Acoustics

Mads Herring Jensen | February 28, 2014

Previously, we introduced the theory behind thermoacoustics. Here, I will go deeper into modeling acoustics with the Thermoacoustic interface in COMSOL Multiphysics and show you some tips and tricks on how to do this.

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Mads Herring Jensen | February 27, 2014

When sound propagates in structures and geometries with small dimensions, the sound waves become attenuated because of thermal and viscous losses. More specifically, the losses occur in the acoustic thermal and viscous boundary layers near the walls. This is a known phenomenon that needs to be included when studying and simulating systems affected by these losses in order to model these systems correctly and to match measurements.

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Mads Herring Jensen | January 2, 2014

I recently had the pleasure of preparing a small contribution to the 166th Meeting of the Acoustical Society of America (Fall 2013) together with Wade Conklin and Jordan Schultz from Knowles Electronics. Wade presented our paper entitled “Characterization of a microelectromechanical microphone using the finite element method”. The work consisted of implementing a virtual prototype of a Knowles MEMS microphone (the SPU0409LE5H microphone, see picture below) using COMSOL Multiphysics.

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Andrew Griesmer | September 19, 2013

When performing an analysis on small-scale audio equipment, such as hearing aids, cell phones, and microphones, the obvious physical phenomenon that’s analyzed is pressure acoustics. However, there are other physics interactions that significantly affect these small devices, including electromechanical interactions and viscothermal losses. Most notably, thermoacoustics (the detailed modeling of acoustics including thermal conduction and viscous losses) is an often overlooked effect that can alter the results of a model. These effects are important in all devices with small length […]

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Supratik Datta | August 26, 2013

If you have ever stood next to a transformer, you have probably heard a humming sound coming from it and wondered if there were bees close by. When you hear that sound the next time, you can rest assured that it’s not bees but the magnetostriction of the transformer core that is making that humming sound.

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Bethany Moatts | August 14, 2013

Multiphysics applications are all around us. Consider, for example, a setting where science may be the last thing on our minds: a music concert. You might be enjoying the slight sinusoidal variations in atmospheric pressure we call sound waves, or music, but those pressure variations must come from somewhere. In fact, they are due to a multiphysics effect where sinusoidal structural vibrations in an object disturb the surrounding air, causing pressure variations in the air that then propagate outward and […]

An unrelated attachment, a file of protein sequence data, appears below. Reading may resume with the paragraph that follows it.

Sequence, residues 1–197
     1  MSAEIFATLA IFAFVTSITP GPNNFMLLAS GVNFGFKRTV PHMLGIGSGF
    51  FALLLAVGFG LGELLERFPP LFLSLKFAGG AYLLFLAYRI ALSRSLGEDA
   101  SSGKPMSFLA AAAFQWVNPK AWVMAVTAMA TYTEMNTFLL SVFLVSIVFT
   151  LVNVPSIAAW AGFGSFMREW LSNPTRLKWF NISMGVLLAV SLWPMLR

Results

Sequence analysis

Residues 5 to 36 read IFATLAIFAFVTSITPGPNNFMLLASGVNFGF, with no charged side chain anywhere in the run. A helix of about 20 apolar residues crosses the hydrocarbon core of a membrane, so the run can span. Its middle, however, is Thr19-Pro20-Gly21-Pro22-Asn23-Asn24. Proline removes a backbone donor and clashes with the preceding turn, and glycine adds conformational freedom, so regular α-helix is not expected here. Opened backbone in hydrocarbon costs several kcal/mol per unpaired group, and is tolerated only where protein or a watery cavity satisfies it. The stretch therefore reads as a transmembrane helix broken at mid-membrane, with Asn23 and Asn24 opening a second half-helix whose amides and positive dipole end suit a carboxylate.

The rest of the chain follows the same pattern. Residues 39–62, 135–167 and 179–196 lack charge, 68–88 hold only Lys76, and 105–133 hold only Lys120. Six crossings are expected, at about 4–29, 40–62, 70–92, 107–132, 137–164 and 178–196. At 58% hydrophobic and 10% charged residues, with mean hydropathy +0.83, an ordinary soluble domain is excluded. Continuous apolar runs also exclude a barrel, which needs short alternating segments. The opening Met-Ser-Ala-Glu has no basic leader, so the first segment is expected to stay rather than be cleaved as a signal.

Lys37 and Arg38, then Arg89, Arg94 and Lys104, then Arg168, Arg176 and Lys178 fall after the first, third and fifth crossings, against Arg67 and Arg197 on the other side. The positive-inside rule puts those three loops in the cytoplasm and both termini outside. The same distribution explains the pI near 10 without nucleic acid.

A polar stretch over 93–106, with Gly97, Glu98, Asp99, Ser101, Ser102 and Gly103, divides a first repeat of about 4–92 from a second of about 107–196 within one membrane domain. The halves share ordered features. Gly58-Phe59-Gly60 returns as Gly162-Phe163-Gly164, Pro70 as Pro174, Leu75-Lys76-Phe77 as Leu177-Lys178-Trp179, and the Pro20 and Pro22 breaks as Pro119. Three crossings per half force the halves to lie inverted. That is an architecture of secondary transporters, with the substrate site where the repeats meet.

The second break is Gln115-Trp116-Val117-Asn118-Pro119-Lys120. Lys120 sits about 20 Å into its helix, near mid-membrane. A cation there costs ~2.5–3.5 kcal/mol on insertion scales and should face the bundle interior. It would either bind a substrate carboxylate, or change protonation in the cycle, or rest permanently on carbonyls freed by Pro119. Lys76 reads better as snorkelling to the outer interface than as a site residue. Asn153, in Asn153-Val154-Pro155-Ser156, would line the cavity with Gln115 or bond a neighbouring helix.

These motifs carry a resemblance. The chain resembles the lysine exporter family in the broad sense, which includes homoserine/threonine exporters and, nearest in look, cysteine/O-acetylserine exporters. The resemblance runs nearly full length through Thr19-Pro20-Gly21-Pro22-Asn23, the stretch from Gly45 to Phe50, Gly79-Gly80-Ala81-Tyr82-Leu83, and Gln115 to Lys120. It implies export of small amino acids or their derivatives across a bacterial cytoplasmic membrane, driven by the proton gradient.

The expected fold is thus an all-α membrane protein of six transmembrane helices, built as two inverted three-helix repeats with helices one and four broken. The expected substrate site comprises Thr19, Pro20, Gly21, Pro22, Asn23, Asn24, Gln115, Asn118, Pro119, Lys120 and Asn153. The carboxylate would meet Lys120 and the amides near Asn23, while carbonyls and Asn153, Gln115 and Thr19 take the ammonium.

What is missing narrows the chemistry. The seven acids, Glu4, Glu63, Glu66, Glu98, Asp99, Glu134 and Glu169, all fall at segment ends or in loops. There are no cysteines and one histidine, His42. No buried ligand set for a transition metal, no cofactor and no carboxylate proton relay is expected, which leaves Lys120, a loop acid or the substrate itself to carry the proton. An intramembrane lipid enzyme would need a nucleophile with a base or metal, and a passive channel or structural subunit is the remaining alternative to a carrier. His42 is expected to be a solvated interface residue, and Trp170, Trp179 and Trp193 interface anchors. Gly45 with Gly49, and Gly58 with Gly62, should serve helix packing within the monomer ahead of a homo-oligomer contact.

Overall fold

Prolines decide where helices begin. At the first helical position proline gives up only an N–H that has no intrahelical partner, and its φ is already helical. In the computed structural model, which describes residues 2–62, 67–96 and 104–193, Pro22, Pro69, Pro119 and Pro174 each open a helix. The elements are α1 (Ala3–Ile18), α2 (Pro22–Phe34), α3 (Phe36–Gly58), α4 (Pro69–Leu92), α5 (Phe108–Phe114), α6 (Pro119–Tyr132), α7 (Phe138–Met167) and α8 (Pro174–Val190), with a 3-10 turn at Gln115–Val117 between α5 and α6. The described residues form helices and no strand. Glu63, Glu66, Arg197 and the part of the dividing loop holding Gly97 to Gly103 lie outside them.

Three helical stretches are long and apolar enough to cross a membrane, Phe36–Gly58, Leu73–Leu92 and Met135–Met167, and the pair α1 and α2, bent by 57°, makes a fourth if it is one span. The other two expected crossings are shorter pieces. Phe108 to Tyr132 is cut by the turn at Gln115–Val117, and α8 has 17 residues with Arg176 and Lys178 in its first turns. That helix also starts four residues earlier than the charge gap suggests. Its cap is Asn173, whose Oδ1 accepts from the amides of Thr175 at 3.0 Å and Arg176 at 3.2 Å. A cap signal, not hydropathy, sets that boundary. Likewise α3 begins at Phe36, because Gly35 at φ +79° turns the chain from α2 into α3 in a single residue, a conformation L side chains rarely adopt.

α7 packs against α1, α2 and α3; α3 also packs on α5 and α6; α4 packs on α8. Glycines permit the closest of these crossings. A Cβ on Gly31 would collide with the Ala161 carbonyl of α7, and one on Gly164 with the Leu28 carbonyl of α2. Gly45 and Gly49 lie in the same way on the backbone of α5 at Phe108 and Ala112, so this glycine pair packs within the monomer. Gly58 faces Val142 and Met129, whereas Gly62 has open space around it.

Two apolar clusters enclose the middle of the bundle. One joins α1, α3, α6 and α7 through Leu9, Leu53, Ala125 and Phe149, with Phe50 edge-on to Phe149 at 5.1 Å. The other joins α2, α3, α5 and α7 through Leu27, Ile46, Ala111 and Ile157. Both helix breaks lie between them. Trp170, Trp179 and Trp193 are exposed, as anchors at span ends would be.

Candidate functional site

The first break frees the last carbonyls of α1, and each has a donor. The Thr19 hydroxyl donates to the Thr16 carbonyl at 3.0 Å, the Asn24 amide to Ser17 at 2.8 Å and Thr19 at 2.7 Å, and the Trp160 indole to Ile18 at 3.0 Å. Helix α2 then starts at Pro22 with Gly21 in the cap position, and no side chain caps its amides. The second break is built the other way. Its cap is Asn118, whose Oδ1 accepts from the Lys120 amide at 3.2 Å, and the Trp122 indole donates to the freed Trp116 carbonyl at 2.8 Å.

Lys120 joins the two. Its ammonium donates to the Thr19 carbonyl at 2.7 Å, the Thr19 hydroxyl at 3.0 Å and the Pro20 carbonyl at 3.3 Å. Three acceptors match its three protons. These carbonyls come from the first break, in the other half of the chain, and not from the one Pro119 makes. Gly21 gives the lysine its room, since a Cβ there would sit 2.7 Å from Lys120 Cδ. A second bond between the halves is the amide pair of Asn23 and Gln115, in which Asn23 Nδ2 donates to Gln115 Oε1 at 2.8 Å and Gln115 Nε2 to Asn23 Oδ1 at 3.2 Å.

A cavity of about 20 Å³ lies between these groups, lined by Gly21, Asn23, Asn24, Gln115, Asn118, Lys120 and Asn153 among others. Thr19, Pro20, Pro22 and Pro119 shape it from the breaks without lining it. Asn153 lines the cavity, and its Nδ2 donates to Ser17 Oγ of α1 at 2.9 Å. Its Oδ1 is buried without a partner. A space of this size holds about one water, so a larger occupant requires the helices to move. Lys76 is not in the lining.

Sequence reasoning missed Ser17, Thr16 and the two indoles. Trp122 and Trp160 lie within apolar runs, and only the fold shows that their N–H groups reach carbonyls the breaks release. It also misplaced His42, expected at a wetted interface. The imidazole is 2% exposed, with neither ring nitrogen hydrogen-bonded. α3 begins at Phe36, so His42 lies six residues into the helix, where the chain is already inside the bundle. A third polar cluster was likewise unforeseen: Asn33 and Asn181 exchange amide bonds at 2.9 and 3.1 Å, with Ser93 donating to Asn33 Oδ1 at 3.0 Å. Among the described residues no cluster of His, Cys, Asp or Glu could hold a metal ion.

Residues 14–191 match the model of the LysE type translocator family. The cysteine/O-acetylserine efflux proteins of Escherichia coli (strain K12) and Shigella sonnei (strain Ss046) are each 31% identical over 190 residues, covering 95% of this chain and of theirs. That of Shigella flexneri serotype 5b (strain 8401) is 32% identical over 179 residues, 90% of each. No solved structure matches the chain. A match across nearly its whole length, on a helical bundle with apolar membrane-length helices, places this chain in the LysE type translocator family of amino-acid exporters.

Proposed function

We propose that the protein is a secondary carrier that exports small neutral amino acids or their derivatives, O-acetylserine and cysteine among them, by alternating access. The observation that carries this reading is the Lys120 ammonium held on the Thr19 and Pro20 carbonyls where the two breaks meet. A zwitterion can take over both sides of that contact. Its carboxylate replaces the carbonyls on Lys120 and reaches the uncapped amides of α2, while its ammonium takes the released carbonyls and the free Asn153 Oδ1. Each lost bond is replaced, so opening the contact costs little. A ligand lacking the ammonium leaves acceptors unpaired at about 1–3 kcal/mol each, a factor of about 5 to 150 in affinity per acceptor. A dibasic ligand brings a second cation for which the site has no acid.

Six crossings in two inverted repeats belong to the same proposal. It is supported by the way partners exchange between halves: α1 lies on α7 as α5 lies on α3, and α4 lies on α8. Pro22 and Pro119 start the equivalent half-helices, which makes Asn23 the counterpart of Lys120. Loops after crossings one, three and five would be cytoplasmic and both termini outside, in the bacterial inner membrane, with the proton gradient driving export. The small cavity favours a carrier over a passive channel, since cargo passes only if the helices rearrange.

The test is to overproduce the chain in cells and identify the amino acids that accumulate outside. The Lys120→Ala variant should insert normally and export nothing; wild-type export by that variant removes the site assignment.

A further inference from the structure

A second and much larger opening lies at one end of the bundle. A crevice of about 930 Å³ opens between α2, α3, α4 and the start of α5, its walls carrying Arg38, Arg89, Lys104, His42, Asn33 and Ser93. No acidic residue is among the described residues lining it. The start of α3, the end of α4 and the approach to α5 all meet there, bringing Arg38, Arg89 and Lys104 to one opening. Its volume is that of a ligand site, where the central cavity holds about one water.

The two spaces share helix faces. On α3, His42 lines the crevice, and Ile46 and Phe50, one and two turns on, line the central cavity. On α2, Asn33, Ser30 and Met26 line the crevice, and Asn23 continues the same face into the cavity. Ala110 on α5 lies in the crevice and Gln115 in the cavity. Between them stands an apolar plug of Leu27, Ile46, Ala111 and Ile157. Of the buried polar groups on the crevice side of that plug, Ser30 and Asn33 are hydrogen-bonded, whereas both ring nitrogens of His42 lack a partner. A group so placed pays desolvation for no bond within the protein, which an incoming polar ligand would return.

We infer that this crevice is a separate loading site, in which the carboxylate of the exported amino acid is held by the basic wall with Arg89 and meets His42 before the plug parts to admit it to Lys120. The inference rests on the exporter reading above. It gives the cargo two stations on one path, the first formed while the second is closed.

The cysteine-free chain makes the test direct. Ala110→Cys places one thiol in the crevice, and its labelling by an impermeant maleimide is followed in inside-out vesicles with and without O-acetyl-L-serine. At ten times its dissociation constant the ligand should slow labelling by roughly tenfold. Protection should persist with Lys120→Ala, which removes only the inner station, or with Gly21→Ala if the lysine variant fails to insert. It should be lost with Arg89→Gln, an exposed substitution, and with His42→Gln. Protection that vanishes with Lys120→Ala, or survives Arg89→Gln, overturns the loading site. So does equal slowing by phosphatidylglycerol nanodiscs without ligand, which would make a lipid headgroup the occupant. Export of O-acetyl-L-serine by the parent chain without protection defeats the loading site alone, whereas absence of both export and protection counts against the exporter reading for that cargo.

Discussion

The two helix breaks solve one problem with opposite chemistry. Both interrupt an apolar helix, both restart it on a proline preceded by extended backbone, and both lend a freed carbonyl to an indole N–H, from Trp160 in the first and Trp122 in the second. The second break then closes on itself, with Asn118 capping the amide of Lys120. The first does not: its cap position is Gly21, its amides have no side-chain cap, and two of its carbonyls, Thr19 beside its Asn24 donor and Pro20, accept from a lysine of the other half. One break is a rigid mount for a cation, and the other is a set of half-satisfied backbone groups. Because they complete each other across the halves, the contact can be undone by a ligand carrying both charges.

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Laura Bowen | July 19, 2013

The way the sound is shaped as it passes through the pipe of an organ is the result of a carefully calculated and intricate pipe design. Browsing through the Model Gallery, I came across a model of an organ pipe, and it happens to be a great acoustics tutorial for using the Pipe Acoustics, Frequency Domain interface in COMSOL Multiphysics. Let’s talk organ pipe design, and walk through how we can model it with multiphysics software.

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Alexandra Foley | July 15, 2013

The Doppler effect, or Doppler shift, is the change in wavelength and frequency caused by the movement of an observer relative to the source. One of the most common ways we can experience the Doppler effect in action is in the change of pitch that occurs due to a moving sound source. You’ve probably experienced the Doppler effect when a fire truck or ambulance passes by with its sirens blaring. As the siren passes, the pitch suddenly drops as the […]

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Mads Herring Jensen | May 23, 2013

Mufflers are often located in exhaust systems or on heat, ventilation, and air conditioning (HVAC) systems, where their key functionality is to dampen the noise that is emitted from the system. A correct description of the acoustic damping (absorption and attenuation) processes in the muffler is important when designing and modeling these systems.

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Bethany Moatts | April 12, 2013

When given the choice, we’d all prefer our loudspeakers to project perfect sound; having a phone conversation with someone who sounds like a robot caught in a windstorm is less than ideal. The quality of the sound is, naturally, dependent on how well the speaker is designed, and COMSOL Multiphysics is the perfect tool to simulate and optimize loudspeaker designs because of its easy-to-use multiphysics nature. For a loudspeaker analysis to be accurate, you must be able to simulate from […]

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Mads Herring Jensen | March 7, 2013

The use of acoustic waves to manipulate suspensions of particles, such as cells, has inspired the work of many researchers, paving the way for the field of ultrasound acoustofluidics. The manipulation is achieved in many ways, including using bulk acoustic waves (BAW) and surface acoustic waves (SAW), as well as acoustic radiation forces and acoustic streaming-induced drag. The latter two combine to produce the acoustophoretic motion of the suspended particles; i.e., movement by means of sound, and the methods provide […]

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